The Prince and the Pregnant Princess(Desert Rogues, Book 6)(25) by Susan Mallery
Now, seeing how much Sadik cared for his unborn child, she felt a dangerous stirring in her heart. She’d been doing her best to ignore her feelings for him ever since she’d run away, but if he kept up his adoration of the baby, she might not have a choice in the matter.
The movements slowed, then stopped. Sadik kissed her belly, then climbed out of bed. He stood there naked, obviously unconcerned that she could look her fill.
His body was darned impressive, she thought, studying the outline of muscles, his flat belly and long legs. Not that she was as old-fashioned as the prince, but she had to admit she’d hit the genetic jackpot with her baby’s father.
“We will be married,” Sadik announced.
Cleo stared at him. Her brain absorbed the words and promptly rejected them. Her heart jumped, and she instantly felt way too undressed to be having this conversation.
“You are to be the mother of my child. It is right that we should be married.”
A coldness settled in her bones. Cleo could barely breathe as she sat up, then slipped off the bed. She ignored Sadik as she collected her clothes.
Married? He wasn’t serious. Yet she knew he was. He would marry her for the baby. Of course. Why hadn’t she realized that before? For the child all things were possible. A combination of rage and hurt flooded her, making her actions jerky.
“What are you doing?” he asked as she pulled on her panties and reached for her bra.
“I would think that is obvious,” she snapped. “I’m getting dressed, then I’m getting out of here. I should never have come. I’m sorry we made love.”
It hurt to breathe. It hurt to keep moving. It was as if he’d attacked her with a club instead of with words. It wasn’t supposed to be like this.
Cleo couldn’t have said why she was so upset. She simply knew that she had to get alone and be by herself before she lost control.
“You are not going anywhere,” Sadik announced, still beautiful, still naked.
She refused to look at him. “You would be wrong about that,” she said as she slipped into her dress. It took a shimmy or two for her to pull up the zipper, but she managed it. She’d left her flowers at the reception. She had a very expensive necklace somewhere in Sadik’s rooms, but she would worry about that another time. After slipping into her shoes, she headed for the door.
He stalked over and grabbed her arm. “You are not going anywhere,” he repeated, obviously annoyed by her reaction. “I have said we are to be married. It is a great honor. You will be my wife, a princess of Bahania. How dare you not be pleased.”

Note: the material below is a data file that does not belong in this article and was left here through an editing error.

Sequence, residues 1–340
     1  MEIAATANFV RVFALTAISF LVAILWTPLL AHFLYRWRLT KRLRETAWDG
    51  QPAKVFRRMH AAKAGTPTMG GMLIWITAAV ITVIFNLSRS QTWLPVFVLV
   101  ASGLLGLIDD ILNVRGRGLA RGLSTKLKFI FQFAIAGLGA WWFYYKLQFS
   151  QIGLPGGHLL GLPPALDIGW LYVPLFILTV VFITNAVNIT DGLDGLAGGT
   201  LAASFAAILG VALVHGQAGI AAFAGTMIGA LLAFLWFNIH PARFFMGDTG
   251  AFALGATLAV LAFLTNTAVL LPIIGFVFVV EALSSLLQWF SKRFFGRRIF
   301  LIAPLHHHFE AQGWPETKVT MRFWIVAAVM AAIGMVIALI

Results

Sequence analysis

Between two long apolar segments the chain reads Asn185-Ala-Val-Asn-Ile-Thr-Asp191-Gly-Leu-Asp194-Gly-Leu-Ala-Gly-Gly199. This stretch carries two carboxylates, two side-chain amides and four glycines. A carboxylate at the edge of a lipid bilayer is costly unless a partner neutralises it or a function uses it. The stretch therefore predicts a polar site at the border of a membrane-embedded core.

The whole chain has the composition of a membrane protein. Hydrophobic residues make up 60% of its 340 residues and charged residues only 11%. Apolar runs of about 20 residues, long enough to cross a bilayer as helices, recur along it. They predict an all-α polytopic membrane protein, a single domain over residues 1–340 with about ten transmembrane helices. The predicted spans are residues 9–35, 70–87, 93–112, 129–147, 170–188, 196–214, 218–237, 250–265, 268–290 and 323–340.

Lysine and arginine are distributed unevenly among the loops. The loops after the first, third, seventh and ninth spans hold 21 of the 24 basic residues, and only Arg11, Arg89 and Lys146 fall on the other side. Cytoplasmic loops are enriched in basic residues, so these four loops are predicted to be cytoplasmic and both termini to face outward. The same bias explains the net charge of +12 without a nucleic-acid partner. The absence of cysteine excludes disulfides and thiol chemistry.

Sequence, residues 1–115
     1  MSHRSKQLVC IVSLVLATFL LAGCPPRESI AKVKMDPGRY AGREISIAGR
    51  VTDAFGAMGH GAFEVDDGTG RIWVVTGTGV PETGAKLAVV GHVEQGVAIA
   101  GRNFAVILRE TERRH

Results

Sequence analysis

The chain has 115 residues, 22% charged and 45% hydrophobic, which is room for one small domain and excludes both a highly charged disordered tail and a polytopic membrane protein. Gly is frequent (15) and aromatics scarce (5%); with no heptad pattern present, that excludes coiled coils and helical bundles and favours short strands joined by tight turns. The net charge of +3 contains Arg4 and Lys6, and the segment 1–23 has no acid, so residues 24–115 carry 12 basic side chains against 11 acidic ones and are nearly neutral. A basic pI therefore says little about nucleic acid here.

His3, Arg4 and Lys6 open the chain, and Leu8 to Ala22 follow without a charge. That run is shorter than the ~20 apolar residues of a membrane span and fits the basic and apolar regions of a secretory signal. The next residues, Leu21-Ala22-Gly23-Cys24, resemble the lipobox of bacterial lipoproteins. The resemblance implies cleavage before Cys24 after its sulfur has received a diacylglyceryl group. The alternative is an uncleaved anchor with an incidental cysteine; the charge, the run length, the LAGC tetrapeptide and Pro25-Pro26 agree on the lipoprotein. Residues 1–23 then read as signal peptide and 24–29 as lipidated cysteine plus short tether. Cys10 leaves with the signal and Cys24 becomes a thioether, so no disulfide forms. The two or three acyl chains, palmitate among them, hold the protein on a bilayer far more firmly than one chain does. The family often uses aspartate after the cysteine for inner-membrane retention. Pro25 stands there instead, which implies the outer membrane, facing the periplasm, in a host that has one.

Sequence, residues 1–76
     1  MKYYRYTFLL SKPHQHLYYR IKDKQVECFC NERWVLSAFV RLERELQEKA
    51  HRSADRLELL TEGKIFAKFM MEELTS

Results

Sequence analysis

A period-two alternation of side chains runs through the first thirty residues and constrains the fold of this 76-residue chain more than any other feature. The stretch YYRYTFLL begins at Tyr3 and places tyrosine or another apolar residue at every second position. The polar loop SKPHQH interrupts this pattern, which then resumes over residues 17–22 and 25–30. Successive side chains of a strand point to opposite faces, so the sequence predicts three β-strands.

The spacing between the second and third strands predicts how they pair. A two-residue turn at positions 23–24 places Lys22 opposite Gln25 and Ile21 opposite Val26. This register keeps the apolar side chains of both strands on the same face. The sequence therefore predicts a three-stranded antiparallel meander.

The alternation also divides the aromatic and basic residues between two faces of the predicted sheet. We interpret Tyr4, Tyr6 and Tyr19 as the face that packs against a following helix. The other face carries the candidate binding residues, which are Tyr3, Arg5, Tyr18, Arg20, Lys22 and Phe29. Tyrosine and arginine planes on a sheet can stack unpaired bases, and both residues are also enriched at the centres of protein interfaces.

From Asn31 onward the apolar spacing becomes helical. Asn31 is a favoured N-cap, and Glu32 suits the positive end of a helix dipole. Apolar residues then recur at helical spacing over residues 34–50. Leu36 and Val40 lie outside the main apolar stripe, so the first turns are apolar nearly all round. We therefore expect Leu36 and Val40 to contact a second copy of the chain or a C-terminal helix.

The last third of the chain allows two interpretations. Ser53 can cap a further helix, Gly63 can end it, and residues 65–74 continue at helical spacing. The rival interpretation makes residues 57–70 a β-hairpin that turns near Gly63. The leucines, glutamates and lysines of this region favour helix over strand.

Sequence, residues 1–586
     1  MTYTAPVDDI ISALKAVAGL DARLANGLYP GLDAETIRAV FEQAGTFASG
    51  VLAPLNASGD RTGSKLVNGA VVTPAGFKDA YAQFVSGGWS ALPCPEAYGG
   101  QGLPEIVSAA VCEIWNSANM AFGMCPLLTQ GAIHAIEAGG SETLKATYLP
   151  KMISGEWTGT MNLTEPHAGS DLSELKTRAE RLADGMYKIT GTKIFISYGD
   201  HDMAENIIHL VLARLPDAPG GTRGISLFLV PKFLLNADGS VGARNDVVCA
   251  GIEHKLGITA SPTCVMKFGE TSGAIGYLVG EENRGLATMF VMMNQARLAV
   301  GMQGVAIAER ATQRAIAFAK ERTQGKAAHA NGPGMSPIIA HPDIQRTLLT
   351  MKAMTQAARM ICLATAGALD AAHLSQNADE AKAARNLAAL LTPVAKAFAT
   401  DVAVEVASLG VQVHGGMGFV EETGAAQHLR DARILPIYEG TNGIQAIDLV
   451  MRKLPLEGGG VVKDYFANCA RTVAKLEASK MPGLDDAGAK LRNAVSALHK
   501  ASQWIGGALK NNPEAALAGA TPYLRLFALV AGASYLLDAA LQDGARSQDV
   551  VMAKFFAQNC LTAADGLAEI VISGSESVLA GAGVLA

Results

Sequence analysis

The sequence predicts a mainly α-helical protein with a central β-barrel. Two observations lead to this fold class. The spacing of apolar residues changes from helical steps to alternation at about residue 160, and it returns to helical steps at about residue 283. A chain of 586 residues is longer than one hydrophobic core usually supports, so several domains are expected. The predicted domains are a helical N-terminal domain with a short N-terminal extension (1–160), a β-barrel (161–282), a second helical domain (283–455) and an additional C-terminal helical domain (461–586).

She jerked free and glared at him. “To be honest, Your Highness, I’d rather eat glass.”
She opened the door and stepped into the hallway. Sadik spluttered, but he wasn’t dressed to give chase.
At first Cleo walked, but after a couple of minutes, she slipped off her shoes and ran down the long corridors. She made her way back to her suite and let herself in.
When the door was safely closed and she found herself alone, her legs seemed to give way. She sank onto the floor. After dropping her shoes, she pulled her legs to her chest—as much as she could—and rested her head on her knees.
Great painful sobs welled up inside of her. She tried to hold back, then figured there wasn’t much point. Who was she trying to impress?
Cleo cried as if her heart was breaking. A combination of sadness and anger fueled her emotions, and for several minutes she simply allowed her feelings to vent. When the storm had passed, she rose and went in search of a tissue.
She avoided looking at herself in the bathroom mirror. After blowing her nose, she stripped out of her fancy dress and slipped into her robe. The cotton folds were familiar and comforting. She cracked the French doors leading to the balcony, then crawled into the bed and rested her face against the cool fabric of the pillowcase.
Sadik wanted to marry her.
Just thinking the sentence made her eyes well up with tears. She started to get angry again.
“What’s going on?” she asked aloud.
There wasn’t an answer. Only the faint sound of music from the reception still going strong. Cleo curled up, feeling alone, lost and confused. Sadik’s offering to marry her was the honorable thing to do. Why did it bother her so?
She tucked her hands under the pillow as she considered her feelings. For one thing, his proposal hadn’t been an offer. He’d announced they were getting married. Not that his actions were a surprise. Sadik pretty much took what he wanted and dealt with any consequences later. What was the old staying? Ask forgiveness, not permission.
Except Sadik was a prince, so forgiveness was rarely needed.
He wanted to marry her. Why was that bad? It answered her question of what was to become of her when the baby was born. In fact, now that she was able to think straight, she shouldn’t have been surprised. Sadik wouldn’t want his firstborn child to be illegitimate.
Cleo closed her eyes and sighed. That was it, she realized. Everything about his wanting to marry her was based on the child. It wasn’t about her. If it weren’t for the baby, he wouldn’t have had anything to do with her—except for a possible invitation to join him in bed. Which he’d done, anyway.
It was the baby he cared about, not her. Not her.
Cleo rolled onto her back and stared at the ceiling. She remembered the last time she’d been here. Sadik had seduced more than her body—he’d found his way into her heart. She’d been smarter then. She’d known that there was no way she could find happiness with a handsome prince, so she’d cut her losses and headed back home.
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